Washington - Morocco's assets as an economic and financial hub for Africa were highlighted, Monday in Washington, in accordance with the strategic vision of King Mohammed VI for a south-south cooperation and solidarity-based win-win partnerships in Africa.
Washington – Morocco’s assets as an economic and financial hub for Africa were highlighted, Monday in Washington, in accordance with the strategic vision of King Mohammed VI for a south-south cooperation and solidarity-based win-win partnerships in Africa.
During an international conference organized by the US think tank Atlantic Council on the sidelines of the US-Africa Leaders Summit (4-6 August, Washington) and marked notably by the presentation of Moulay Hafid El Alamy, minister of Industry, Trade, Investment and the Digital Economy, participants underlined the success story of the Kingdom as an emerging platform for business in Africa.
Morocco has made a name of itself thanks to the Kingdom’s willingness to a liberal and open economy, said Elalamy, citing the multiple free-trade agreements signed with some 56 countries.
The Kingdom, which constantly manages to maintain macro-economic stability, has also a strong financial sector, said the Moroccan official, noting that over the past ten years, GDP growth has averaged 5 pc with a 2 pc inflation rate.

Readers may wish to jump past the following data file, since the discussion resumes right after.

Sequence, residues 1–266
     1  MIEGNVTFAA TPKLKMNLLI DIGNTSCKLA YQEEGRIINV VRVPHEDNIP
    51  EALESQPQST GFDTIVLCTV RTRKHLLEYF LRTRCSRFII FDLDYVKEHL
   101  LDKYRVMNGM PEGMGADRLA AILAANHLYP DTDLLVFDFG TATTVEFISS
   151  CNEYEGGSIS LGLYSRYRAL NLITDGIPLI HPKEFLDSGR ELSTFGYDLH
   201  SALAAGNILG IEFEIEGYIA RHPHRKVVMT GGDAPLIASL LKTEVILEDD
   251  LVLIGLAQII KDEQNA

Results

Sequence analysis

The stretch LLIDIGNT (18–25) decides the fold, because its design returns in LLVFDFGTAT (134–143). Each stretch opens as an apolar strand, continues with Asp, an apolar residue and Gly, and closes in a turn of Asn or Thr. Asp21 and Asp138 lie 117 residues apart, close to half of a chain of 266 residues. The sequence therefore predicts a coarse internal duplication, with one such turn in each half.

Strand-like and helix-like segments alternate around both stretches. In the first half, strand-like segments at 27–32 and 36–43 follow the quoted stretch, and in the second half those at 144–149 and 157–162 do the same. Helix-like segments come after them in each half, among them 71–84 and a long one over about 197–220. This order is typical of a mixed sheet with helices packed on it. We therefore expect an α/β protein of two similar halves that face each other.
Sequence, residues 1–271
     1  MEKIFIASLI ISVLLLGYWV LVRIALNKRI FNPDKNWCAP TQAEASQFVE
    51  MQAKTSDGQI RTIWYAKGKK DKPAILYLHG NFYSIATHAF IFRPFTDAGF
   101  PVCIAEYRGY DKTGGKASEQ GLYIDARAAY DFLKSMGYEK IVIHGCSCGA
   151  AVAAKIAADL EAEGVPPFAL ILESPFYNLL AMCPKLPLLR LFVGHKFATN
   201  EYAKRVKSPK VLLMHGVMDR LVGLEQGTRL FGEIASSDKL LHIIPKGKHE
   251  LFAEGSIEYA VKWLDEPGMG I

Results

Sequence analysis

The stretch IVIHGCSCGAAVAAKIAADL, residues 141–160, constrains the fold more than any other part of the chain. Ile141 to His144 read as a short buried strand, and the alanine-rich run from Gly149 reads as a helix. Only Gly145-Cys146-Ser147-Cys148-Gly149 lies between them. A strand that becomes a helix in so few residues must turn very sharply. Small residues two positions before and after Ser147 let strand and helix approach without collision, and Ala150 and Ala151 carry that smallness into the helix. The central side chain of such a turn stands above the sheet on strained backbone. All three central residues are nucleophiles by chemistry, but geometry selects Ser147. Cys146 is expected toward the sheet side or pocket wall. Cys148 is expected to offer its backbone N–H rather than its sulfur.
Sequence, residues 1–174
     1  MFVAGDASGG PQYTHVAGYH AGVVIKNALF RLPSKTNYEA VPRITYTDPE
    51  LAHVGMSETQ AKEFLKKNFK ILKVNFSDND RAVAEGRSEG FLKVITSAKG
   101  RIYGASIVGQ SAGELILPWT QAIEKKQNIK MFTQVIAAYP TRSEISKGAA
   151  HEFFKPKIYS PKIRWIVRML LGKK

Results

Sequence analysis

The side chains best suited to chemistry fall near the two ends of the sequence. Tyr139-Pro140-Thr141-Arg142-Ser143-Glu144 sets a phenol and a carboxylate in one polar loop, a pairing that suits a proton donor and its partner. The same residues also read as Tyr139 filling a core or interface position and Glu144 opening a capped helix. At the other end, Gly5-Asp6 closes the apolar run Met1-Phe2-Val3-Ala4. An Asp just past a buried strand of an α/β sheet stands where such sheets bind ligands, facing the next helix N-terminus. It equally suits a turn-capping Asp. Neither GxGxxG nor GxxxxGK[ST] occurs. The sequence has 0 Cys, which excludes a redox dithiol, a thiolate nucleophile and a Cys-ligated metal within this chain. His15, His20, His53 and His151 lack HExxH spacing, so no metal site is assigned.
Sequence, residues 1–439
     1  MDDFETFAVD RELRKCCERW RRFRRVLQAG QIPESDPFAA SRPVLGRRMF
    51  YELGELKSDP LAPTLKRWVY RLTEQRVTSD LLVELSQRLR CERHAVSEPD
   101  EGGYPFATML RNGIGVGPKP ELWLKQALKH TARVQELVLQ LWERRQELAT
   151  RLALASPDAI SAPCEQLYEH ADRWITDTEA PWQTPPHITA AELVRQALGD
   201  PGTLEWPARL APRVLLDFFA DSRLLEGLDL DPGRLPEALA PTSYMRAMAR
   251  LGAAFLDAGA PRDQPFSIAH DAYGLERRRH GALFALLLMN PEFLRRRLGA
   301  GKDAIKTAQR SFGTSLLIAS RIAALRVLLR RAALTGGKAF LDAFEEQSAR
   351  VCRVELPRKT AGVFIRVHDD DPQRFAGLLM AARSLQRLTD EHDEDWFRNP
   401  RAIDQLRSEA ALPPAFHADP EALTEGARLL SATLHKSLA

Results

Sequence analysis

Thanks to its strategic geographical position as the closest country to Europe and its very strong relationship with partner countries, Morocco seems to be now a credible hub for economic world leaders which are already settling in the Kingdom.
“The emergence of the economic power of Morocco, initiated under the leadership of HM King Mohammed VI since his accession to the throne, is a key element of the royal strategy to consolidate relations of cooperation and solidarity with African countries” said Peter Pham, Africa Center director.
“Thanks to the vision of HM King Mohammed VI, Morocco leverage its emergence as an economic power to support the African strategy of the Kingdom”, explains the US expert.
As part of this “economic diplomacy,” the Sovereign announced in 2000 a debt-forgiveness plan for Africa’s least-developed countries, and the eradication of customs duties on products imported from these states, recalled Pham.